RSS advertising finds slow growth in the U.S.

RSS symbolAccording to a report in ClickZ, Gawker Media sequentially grew its revenue from feed-driven traffic by 300 percent in Q1 2008. Gawker Sales Chief Chris Batty told ClickZ that the company is now pulling an average CPM of $4 or $5 for its RSS inventory, “a little less than we get on the sites.”

RSS, which stands for “Really Simple Syndication” is a method whereby users can draw content from publishers without being on the publisher’s website. To view content via RSS, you need an RSS reader, such as Google Reader or any of hundreds of other applications. It’s the heart and soul of widgets and other place-based distribution models, but it’s just not a big deal in the U.S.

Thirty-four percent of global respondents to a March social media survey from Universal McCann said they had “ever” subscribed to an RSS feed. That represents a large jump from the previous year’s findings, when the agency found just 15 percent said they had subscribed to a feed. The data were gathered from 17,000 Internet users in 29 countries, aged 16 to 54.

However the U.S. ranks far down on the adoption list, with penetration of only 18.6 percent. That’s tiny compared to RSS-addicted nations like Russia (57 percent adoption), Brazil (55 percent) and China (54 percent). Additionally, of those who access feeds, only 25 percent of U.S. respondents said they do so daily. Another 35 percent said they access them weekly, while 16 percent said feed reading is a monthly endeavor.

The U.S. is down the list — and therefore is missing revenue opportunities — because media companies here don’t care for RSS and don’t promote it. Why? Because we want people to come to OUR sites, not consume our products elsewhere (see: “Disconnect” below). Moreover, most RSS feeds from U.S. media companies are simply “teases” designed to bring people back to the site of origin, so that we can expose them to our display advertising. While this is entirely understandable from a mass marketing perspective, it is self-destructive in the long run, because people will consume media where they want to consume it. The smart media company will acknowledge this, and create ways to make money in that paradigm.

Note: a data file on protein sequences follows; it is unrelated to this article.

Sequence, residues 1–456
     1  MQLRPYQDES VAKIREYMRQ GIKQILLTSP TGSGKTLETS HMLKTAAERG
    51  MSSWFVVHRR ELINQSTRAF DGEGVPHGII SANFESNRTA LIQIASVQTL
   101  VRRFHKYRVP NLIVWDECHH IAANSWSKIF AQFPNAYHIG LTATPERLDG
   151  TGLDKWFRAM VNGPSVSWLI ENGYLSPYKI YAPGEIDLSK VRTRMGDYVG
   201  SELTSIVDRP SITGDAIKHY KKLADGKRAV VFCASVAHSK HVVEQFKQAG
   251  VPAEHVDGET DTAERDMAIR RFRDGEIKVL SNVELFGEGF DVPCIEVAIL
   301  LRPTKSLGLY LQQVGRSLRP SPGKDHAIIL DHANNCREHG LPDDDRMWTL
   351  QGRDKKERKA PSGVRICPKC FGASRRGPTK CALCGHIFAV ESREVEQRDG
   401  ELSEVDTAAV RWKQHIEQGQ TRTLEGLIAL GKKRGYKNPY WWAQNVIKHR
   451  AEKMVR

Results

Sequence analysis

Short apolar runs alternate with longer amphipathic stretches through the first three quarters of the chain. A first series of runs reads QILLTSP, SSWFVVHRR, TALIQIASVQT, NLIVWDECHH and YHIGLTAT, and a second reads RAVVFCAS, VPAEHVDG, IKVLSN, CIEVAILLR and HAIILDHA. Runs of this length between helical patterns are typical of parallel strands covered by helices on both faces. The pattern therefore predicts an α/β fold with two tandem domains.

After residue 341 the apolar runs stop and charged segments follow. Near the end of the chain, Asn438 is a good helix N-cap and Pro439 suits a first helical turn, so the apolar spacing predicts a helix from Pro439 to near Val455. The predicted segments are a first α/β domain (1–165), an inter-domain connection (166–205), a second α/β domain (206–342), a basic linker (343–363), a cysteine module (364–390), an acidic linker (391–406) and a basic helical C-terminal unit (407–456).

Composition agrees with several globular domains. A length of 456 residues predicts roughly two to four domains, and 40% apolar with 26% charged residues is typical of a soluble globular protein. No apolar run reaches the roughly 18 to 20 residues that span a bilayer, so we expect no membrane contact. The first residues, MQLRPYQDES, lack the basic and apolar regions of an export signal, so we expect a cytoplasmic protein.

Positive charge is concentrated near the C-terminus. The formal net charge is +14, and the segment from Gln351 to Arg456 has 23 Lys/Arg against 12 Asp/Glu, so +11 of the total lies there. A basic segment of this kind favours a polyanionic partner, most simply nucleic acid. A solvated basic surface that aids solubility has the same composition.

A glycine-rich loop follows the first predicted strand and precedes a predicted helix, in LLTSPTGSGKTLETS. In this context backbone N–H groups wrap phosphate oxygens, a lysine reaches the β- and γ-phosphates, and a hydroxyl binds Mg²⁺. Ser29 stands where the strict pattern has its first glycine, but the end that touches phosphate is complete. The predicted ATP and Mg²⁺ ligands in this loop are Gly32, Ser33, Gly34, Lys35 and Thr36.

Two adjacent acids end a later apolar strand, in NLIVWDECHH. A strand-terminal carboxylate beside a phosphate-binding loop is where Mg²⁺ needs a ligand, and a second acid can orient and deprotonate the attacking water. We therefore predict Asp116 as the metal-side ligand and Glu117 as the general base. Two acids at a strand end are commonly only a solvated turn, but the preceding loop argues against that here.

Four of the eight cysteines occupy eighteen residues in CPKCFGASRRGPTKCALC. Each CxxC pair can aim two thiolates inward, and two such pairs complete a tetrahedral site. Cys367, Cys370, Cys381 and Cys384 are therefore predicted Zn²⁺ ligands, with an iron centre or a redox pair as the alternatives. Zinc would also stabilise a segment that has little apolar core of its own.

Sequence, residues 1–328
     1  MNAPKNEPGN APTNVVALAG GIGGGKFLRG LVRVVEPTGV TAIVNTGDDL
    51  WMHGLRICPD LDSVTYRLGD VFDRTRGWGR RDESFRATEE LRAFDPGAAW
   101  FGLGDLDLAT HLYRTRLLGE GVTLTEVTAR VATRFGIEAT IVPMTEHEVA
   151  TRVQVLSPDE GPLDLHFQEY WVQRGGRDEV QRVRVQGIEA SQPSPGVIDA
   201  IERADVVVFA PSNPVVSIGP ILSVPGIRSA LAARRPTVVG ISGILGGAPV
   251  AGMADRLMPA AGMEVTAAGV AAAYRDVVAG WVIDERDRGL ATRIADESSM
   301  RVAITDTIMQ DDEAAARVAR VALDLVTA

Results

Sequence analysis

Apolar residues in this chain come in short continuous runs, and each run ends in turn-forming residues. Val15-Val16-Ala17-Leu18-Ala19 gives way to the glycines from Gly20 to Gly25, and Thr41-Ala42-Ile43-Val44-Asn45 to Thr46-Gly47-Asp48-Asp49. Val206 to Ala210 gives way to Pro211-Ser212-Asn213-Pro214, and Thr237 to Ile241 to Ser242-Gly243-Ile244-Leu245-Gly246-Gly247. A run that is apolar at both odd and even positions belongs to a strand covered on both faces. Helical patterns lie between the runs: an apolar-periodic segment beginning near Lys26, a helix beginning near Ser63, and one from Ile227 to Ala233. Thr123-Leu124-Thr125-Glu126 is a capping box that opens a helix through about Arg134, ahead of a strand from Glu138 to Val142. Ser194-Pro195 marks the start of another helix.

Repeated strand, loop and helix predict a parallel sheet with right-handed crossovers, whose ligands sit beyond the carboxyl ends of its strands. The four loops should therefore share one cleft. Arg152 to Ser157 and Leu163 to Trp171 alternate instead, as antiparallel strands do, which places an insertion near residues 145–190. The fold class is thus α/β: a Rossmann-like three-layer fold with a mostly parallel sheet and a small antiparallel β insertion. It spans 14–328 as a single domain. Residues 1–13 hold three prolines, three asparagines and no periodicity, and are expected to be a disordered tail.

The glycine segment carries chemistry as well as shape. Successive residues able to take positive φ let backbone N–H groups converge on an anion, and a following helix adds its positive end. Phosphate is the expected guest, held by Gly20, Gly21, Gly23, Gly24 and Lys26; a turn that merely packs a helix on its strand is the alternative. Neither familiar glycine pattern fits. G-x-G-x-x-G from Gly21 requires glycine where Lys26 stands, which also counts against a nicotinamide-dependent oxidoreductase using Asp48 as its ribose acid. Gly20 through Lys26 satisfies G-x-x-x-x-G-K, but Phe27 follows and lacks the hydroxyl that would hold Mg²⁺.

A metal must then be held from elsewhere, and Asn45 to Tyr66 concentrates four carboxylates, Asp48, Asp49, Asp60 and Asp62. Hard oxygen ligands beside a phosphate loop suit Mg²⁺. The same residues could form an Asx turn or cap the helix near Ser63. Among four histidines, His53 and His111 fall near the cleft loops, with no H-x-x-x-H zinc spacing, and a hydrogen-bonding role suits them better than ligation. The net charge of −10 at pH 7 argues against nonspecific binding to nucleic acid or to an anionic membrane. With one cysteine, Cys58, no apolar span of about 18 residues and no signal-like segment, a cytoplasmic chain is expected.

Top dog in the RSS advertising world used to be FeedBurner, until it was purchased by Google. Adsense is now the format, which leaves the experimentation up to companies like Pheedo. I like Pheedo and have always thought they’re a good partner for media companies.

But there are two other ways to make money with RSS that most don’t see. One, you can insert ads as items in a feed. As long as they are marked as advertisements, I see no ethical problem in doing this. Ads delivered this way, show a much higher click-through rate than other forms of web advertising, so it’s a no-brainer for advertisers. We don’t do this, because we’re afraid of RSS and sending people away from our (artificial) grasp.

Two, you can create and sell ad feeds. One day, this will become the new sales insert that the newspaper industry has known for so long. Everybody needs to shop, so access to information about deals and the like is important, even for people who hate commercial interruptions in their lives. Ad feeds are user-friendly, and allow people to peruse them at their own convenience. Again, we don’t do this, because that would mean wholesale adaption of RSS as a delivery mechanism.

Pheedo CEO Bill Fritter told ClickZ that he’s definitely noticed an uptick in consumer use of RSS, and that has created a glut of RSS ad inventory.

Pheedo sells about 50 percent of the inventory it represents directly, and for the rest it pulls a feed from ad partners including MIVA,, and

“Some of our publishers are seeing their page views from RSS are nearing page views of Web sites,” he said. “The market’s finally there. The growth is finally there.”

I’m not so convinced that it’s “finally there,” but I think that when it is “there,” and local media companies are selling it and serving the ads along with a remnant partner such a Pheedo, we’ll be amazed at what kind of money we can make by letting people have what they want — the ability to view our content wherever they choose.

(Originally posted in AR&D’s Media 2.0 Intel newsletter)

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